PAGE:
They were once allies, if not friends.
The entertainment mogul Shari E. Redstone and the CBS chief executive Leslie Moonves, whose careers have been entwined for nearly 20 years, appeared to be getting along famously as recently as February, when they sat in the CBS box at Super Bowl LII in Minneapolis, both rooting for the New England Patriots.
Now, the two media heavyweights are in the early rounds of a bout over the fate of two of the world’s most prominent media and entertainment companies, CBS and Viacom. They find themselves at an impasse because of Ms. Redstone’s desire to merge the two companies, which are corporate siblings. Mr. Moonves, for his part, is firmly against the proposed merger.
At stake is Mr. Moonves’s storied career at CBS, which he took from last place to the most-watched television network, with hits like “The Big Bang Theory,” “Survivor” and “Young Sheldon.”
On Thursday, there were two developments in the dispute. First, a judge ruled against an effort by CBS to block Ms. Redstone from having what is perceived as outsize influence over its board, which had scheduled a meeting to vote on reducing the influence of the Redstone family on CBS. Then, at a meeting later that day, the board voted 11 to 3 to dilute Ms. Redstone’s voting stake to roughly 20 percent from nearly 80 percent.
By evening, both sides had proclaimed victory, and the only sure thing was that they were all headed back to court.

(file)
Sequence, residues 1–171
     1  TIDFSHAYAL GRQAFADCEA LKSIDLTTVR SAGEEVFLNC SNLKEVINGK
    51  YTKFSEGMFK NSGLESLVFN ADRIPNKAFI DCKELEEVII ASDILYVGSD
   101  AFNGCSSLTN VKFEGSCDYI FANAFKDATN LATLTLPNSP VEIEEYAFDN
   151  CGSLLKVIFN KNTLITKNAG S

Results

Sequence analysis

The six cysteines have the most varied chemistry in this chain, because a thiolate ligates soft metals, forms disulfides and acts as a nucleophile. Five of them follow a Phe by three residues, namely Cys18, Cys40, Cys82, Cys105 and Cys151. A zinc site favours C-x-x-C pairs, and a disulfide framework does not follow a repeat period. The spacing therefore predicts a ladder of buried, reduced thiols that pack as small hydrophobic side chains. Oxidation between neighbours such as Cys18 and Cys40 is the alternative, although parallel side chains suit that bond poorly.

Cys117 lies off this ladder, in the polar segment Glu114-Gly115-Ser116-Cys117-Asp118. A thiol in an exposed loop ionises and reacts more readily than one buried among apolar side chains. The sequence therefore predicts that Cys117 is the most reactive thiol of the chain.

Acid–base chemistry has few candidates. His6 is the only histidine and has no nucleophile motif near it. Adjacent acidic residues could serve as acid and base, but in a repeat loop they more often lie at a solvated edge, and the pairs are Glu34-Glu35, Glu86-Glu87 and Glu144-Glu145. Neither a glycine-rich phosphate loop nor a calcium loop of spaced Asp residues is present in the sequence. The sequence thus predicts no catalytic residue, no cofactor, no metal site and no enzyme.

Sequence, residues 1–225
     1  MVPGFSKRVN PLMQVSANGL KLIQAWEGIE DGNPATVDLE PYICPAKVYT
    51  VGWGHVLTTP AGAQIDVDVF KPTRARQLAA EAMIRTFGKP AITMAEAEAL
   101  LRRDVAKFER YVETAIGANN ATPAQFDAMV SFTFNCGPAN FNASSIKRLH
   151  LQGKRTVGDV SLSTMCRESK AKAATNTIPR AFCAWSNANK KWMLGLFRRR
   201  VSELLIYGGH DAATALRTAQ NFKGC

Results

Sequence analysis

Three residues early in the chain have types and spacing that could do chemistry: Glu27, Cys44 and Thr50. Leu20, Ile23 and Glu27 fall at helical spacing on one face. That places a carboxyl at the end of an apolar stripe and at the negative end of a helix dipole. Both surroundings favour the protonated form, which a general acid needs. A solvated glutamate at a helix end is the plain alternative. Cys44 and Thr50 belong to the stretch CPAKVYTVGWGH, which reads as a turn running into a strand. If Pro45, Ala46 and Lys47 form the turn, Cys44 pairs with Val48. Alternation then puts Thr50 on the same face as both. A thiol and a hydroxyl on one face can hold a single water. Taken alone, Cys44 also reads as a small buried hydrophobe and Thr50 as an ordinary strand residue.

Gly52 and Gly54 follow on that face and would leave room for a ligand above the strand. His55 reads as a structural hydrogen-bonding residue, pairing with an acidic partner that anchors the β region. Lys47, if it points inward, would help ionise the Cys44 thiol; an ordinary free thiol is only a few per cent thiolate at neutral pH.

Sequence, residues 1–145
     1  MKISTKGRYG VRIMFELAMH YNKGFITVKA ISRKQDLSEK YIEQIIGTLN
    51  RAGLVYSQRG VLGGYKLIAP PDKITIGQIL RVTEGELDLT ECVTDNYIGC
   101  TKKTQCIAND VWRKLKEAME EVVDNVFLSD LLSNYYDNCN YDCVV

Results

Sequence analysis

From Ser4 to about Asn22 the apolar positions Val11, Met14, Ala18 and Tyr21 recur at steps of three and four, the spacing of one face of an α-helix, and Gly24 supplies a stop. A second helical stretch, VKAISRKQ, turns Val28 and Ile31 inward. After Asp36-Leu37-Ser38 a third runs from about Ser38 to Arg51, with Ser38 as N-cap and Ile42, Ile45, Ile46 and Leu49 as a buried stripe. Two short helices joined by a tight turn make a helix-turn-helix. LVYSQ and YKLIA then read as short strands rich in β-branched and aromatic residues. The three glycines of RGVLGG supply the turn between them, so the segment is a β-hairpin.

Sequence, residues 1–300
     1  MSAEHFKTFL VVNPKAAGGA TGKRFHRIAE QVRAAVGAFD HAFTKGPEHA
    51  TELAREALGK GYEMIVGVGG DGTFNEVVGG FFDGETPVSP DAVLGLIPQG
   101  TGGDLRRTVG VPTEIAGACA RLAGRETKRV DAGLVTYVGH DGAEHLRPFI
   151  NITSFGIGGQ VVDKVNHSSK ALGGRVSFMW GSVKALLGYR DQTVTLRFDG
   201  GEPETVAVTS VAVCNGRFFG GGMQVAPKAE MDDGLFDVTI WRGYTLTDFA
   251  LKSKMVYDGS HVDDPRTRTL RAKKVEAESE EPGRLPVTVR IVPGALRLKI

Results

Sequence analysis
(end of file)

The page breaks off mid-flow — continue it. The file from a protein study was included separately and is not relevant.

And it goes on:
A former criminal defense lawyer, the Massachusetts-born Ms. Redstone, 64, joined National Amusements, the flagship company in the empire founded by her father, the 94-year-old Sumner Redstone, in 1993. She proved her corporate mettle in pulling out a victory in an earlier boardroom fight against another formidable rival, Philippe Dauman, the former Viacom chief executive. Ms. Redstone ousted Mr. Dauman and replaced him with an executive more to her liking, Robert Bakish, in 2016.
Ms. Redstone’s main opponent, Mr. Moonves, 68, is a native of Long Island who began in show business as a bit-part television actor before recasting himself as a go-to producer and, later, as the smoothly confident network executive.
She is fighting for control of her father’s empire. He is fighting to retain power over the portion of it that he controls. Ms. Redstone may have the power to reach her goal, however, given her role as the head of the family business, which has a nearly 80 percent voting stake in CBS and Viacom, both of which are public companies.